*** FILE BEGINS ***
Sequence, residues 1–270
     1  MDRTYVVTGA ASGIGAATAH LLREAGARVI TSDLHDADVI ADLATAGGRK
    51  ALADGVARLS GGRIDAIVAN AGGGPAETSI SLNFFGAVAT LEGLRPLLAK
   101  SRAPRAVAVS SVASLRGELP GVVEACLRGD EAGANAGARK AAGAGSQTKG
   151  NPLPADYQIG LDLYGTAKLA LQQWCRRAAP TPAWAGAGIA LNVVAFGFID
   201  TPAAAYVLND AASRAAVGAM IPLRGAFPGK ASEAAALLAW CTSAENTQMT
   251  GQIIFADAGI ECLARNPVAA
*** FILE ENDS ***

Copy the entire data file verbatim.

Sequence, residues 1–270
     1  MDRTYVVTGA ASGIGAATAH LLREAGARVI TSDLHDADVI ADLATAGGRK
    51  ALADGVARLS GGRIDAIVAN AGGGPAETSI SLNFFGAVAT LEGLRPLLAK
   101  SRAPRAVAVS SVASLRGELP GVVEACLRGD EAGANAGARK AAGAGSQTKG
   151  NPLPADYQIG LDLYGTAKLA LQQWCRRAAP TPAWAGAGIA LNVVAFGFID
   201  TPAAAYVLND AASRAAVGAM IPLRGAFPGK ASEAAALLAW CTSAENTQMT
   251  GQIIFADAGI ECLARNPVAA